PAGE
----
From FEAR culture to TRUST culture
Often, after reading a tweet from Charity Majors, my obsession to NOT follow rules only because « we’ve always done it that way » inspire me to write a post. Hope you’ll enjoy it.
Forbid to push in production on Friday is a #DevOps anti pattern
More than just make Dev and Ops work better together, DevOps aims at delivering as soon as possible any developed and tested features to our users, get the expected value and having quick feedbacks.
Forbid to deploy on Friday is to lose 20% of time to deliver this value to your users. Sometimes, we even forbid it on Thursday afternoon or before Bank Holidays, thus forbid more than 30% of time !
More than lose this important time, we give the impression that we are not confident of our CI/CD pipeline, of our tests, maybe not even trust our teams. If you are not confident to deploy on Friday, why are you to do it any other day?
This rules implies than deploying is dangerous, risky. We should not FEAR to deploy in production.
If you believe you are #DevOps, you should be able to deploy any times, nights and days, even on Friday!
Why do we have this rules?
Doom-mongers will tell you that this rules was not set only to please the boss. That you need it if you want to protect your week-end. It’s common sense, precautionary principle…
And to be fair, we all have many anecdotes and experiences of bad weekend. So even if you agree that we should break this rules, it can be hard to make the move.
Let’s step back a little bit. Why do we regret having deploy on Friday?
1- Deployment went wrong and you have to stay late, even overnight to fix it.
Having the right level of DevOps maturity, deploying should be event less. You can build this with a CI/CD pipeline, automated test who provide the right level of confidence, a blue-green deployment for a instant rollback, … You must concentrate on building trust on your build process. A lot of books might help you, my favorite is Continuous Delivery by Jez Humble.
2- Incident some time after the deployment, managed by “On Call team”
The real subject here is why the team did not detect the issue before or at least right after the deployment?
First of all, the team must monitor their application in production after the new release. It’s criminal to deploy on Friday at 5pm and then go have a beer.
Then, do the team have the right level of observability to detect the issue? During a DevOps transformation, you must not only improve deployment pipeline and testing but also improve the way you monitor your systems. With increasing complexity, classic monitoring and alerting are no more enough to detect abnormal behavior of our systems. About Observability, I highly recommend this white paper by Charity Majors and Liz Fong-Jones, as well as this ebook from D2SI and my friend Benjamin Gakic.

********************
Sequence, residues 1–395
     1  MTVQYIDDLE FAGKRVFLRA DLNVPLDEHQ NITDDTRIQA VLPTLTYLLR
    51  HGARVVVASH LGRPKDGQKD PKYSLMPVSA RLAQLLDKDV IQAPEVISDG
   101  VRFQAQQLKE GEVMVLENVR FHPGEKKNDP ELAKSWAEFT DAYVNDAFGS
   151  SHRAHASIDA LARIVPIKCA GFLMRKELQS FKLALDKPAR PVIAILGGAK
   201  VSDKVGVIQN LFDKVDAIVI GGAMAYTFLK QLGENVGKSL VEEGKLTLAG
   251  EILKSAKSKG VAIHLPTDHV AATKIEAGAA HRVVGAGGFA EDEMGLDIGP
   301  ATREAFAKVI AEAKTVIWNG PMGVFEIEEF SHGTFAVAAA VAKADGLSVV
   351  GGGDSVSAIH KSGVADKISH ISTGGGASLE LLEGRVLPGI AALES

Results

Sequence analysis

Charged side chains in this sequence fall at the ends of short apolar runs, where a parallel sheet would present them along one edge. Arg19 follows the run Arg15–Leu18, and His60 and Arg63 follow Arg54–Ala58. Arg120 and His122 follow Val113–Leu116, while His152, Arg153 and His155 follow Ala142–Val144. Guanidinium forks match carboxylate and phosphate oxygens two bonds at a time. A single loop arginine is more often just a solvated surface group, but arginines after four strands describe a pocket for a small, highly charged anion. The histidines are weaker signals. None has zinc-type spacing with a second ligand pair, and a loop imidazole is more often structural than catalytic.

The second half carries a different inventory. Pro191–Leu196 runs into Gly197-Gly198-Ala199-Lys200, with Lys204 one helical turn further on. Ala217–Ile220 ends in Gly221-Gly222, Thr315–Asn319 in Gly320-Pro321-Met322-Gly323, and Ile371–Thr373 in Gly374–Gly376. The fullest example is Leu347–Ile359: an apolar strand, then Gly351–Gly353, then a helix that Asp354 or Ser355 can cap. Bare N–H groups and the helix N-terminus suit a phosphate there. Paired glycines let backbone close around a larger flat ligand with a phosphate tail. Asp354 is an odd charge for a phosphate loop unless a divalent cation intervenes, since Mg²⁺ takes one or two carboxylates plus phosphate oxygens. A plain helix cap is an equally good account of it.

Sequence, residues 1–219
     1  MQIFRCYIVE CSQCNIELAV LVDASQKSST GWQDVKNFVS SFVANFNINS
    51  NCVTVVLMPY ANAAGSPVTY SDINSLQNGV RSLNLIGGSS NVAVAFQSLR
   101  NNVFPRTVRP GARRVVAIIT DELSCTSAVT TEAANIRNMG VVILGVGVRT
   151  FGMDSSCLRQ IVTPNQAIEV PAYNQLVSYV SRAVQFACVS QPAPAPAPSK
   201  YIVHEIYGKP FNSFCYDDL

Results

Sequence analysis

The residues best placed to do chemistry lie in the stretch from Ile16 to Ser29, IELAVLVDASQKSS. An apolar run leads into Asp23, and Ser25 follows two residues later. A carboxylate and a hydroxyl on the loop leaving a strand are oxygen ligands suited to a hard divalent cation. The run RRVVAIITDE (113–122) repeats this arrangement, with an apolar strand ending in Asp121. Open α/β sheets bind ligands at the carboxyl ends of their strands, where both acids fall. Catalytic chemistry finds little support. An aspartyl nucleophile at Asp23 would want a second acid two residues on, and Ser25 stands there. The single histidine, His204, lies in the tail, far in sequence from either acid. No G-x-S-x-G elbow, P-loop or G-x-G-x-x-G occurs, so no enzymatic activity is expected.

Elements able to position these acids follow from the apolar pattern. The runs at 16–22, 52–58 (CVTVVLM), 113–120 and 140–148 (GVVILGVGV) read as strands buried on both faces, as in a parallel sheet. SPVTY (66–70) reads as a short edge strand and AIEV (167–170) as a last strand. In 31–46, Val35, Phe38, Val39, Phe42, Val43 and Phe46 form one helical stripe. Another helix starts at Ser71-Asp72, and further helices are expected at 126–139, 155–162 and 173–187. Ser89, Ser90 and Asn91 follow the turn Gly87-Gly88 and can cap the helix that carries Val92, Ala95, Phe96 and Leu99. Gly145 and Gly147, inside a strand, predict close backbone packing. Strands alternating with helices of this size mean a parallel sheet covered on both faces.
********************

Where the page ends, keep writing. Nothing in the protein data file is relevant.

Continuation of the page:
Finally, why the incident is managed by a separate “On Call team”? A responsible team should assume their own actions, risk taken and obviously the consequence. Thus, the team will make everything to not lose nights and weekend, by building a safe process for their release.
3- Unknown unknowns
Last but not least, the unknowns. Deployment were seamless hundred times. But this time, something went wrong. A concurrent deployment do a change on the same file. A server with a different system date believe it’s already tomorrow… All these issues never happened before, and probably will never occur again.
They are part of the risks, even if it’s more frustrating on Friday’s nights. But do we not go outside because a meteorite might fall on us?
The best thing to do is to be prepared, and Chaos Engineering practice are a great way to do it.
To summarize, with the right level of DevOps maturity, this rules should not exist anymore.
How to move on?
You want to move on and allow your teams to deploy any times they can. But a small voice still say no (might be your boss or the Head of Operations). My proposition is to have a “licence to deploy”.
Principle is quite simple. If a team has the right level of maturity:
- Great coverage of automated tests,
- CI/CD pipeline
- Feature flipping to activate/deactivate new features
- Instant rollback capability, like blue-green deployment
- Is On Call
This proposition should be review adapt to your context and needs.
In summary, instead of having a rules to forbid to deploy on Friday by default, let’s trust your team by default and deliver them a licence to deploy anytime.
You may also add some point than make you lose your licence until you did a new training or fix some technical debt:
- Forget to adapt monitoring system during deployment and sending false alarm: -1pt
- 3 consecutive deployment with rollback: -3pts
- Launch a deployment and go for lunch or having a beer without checking the results: – 6pts
Deployment distribution graph is an interesting way of measuring your level of DevOps maturity
However, it’s still a number, if your whole strategy of change is based on it, teams might just wait for Friday for their deployment to please you. My favorite KPI is the level of code stock, that’s to say the code done (and tested) that is not in front of its public.
Thus, removing the rules forbidding any deployment on Friday, eventually with a licence to deploy, we move from a culture of FEAR/PROHIBITION to a culture of TRUST.
As a bonus, we all face the issue of recruiting Tech profiles, being able to tell that you trust your teams enough that deploying a Friday is part of your company culture might help attracting talents !